According to certain alternative embodiments of this invention, programs (or hardware implemented units) 23 and 31 may be adjusted so that the cursor blinking frequency fc varies in a substantially non-linear manner with respect to the measured user pulse rate fp between the upper and lower pulse rate limits fph and fpl respectively.

FIGS. 5(a) and 5(b) illustrate two different approaches which may be employed according to the second or FIG. 4 embodiment of this invention. The first approach is illustrated in FIG. 5(a) where the cursor blinking frequency fc varies in a substantially linear manner as a function of fp between the upper and lower pulse rate limits 25 and 27 which are set by program 21, with the cursor blinking frequency fc becoming substantially constant outside of the boundary or window defined between limits 25 and 27. As shown, the cursor blinking frequency fc increases substantially linearly as a function of the measured pulse rate up to the point where the measured pulse rate reaches upper limit 25. After the measured pulse rate reaches upper limit 25, the cursor blinking frequency fc no longer increases with increases in fp, but becomes substantially constant with such fp increases after the value reached at limit 25. Likewise, the cursor blinking frequency fc is substantially constant below lower limit 27 at values corresponding to and below its value determined at lower limit 27.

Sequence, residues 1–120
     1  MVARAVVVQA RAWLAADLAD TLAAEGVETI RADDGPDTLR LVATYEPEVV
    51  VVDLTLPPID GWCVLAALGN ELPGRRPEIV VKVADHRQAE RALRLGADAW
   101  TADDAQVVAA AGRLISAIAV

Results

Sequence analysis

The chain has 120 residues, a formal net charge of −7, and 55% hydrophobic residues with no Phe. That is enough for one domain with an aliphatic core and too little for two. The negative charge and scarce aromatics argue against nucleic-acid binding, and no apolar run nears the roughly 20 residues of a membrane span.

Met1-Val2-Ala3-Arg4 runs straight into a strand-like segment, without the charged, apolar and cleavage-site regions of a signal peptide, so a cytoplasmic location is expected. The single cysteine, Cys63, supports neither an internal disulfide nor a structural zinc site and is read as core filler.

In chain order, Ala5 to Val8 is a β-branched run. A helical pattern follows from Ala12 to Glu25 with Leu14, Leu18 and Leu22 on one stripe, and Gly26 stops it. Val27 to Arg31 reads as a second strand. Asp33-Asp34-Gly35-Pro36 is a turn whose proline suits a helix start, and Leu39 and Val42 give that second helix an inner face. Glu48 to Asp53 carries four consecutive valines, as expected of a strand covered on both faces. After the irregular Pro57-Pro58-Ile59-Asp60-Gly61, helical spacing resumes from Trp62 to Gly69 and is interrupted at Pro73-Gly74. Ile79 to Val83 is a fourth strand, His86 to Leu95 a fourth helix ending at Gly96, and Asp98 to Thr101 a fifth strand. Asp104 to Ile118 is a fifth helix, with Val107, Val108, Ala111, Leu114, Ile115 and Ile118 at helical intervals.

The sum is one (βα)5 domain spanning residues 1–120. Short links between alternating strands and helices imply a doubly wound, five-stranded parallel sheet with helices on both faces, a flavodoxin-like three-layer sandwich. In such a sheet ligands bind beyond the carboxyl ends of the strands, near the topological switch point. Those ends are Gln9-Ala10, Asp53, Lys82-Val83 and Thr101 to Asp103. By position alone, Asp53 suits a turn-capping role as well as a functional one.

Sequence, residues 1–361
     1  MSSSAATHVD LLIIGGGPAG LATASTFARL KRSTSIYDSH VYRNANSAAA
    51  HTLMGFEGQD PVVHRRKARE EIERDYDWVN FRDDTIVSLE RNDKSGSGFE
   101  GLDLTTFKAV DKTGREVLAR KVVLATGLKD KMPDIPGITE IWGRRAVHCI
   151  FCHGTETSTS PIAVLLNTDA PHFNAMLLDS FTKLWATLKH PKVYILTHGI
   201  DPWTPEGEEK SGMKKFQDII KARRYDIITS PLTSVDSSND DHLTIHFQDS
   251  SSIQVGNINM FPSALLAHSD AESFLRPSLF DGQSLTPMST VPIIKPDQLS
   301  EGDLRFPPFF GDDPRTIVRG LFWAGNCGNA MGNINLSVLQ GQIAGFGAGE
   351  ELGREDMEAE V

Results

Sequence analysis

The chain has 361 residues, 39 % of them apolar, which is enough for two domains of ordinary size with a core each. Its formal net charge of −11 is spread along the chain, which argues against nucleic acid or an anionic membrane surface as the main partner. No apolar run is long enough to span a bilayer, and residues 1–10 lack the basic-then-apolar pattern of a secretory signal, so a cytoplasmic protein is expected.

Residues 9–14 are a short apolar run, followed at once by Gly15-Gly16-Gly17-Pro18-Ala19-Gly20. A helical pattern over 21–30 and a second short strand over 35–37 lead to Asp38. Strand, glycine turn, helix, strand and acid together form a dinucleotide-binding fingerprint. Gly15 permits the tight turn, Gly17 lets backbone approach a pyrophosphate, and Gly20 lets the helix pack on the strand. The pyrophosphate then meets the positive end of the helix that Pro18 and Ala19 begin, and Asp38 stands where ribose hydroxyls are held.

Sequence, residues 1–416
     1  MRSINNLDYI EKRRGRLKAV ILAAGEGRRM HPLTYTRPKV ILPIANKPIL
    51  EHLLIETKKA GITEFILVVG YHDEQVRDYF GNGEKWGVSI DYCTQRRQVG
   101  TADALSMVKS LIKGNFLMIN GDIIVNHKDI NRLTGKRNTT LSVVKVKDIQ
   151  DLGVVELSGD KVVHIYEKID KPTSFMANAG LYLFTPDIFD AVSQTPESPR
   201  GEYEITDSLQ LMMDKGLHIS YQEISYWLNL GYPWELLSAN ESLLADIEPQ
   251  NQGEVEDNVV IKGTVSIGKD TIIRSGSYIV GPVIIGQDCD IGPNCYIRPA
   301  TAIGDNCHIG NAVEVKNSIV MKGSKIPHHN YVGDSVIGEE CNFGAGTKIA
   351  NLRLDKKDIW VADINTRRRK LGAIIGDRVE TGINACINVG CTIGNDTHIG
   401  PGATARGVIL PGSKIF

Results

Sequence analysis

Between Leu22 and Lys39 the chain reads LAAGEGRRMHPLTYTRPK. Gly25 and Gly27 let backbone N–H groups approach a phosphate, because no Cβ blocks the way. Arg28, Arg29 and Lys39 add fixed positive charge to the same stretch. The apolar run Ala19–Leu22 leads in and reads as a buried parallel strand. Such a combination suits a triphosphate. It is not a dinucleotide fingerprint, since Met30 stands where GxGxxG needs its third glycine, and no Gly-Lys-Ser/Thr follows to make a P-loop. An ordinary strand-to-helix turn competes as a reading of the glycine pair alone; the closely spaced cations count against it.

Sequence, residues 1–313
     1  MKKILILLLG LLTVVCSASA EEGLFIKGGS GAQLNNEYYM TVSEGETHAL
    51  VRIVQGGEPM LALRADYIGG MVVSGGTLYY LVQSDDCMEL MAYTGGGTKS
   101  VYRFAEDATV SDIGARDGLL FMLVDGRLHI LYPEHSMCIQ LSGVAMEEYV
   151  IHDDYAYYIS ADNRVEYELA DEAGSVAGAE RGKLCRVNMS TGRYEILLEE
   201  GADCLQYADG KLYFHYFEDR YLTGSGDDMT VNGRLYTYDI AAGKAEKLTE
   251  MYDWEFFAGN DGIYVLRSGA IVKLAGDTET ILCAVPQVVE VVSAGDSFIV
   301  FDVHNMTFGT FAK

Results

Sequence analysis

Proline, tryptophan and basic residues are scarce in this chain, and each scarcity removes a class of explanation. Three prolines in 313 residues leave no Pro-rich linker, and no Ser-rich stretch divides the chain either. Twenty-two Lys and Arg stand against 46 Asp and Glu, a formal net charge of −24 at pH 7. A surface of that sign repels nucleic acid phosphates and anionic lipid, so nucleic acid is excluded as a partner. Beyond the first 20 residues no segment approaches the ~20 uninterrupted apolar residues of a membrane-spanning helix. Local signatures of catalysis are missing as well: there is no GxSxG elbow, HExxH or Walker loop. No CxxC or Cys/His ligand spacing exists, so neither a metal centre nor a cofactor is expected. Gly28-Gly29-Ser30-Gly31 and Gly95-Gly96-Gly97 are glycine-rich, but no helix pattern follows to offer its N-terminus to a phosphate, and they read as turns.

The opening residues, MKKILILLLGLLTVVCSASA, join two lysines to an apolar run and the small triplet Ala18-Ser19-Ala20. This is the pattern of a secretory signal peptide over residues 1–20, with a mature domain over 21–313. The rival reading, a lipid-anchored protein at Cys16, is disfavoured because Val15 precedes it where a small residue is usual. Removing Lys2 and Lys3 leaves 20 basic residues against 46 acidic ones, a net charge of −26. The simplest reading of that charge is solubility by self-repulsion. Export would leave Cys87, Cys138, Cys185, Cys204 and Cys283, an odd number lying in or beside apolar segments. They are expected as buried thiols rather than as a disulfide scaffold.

Thus, upper limit 25 and lower limit 27 for pulse rate fp define comfort range 33 therebetween. fc will not follow fp after it exits comfort zone or range 33, but rather fc remains substantially constant leading to or attempting to stabilize the user's pulse rate fp. Comfort levels 25 and 27 (i.e. the upper and lower pulse rate set by program 21) may be set to, for example a desired range.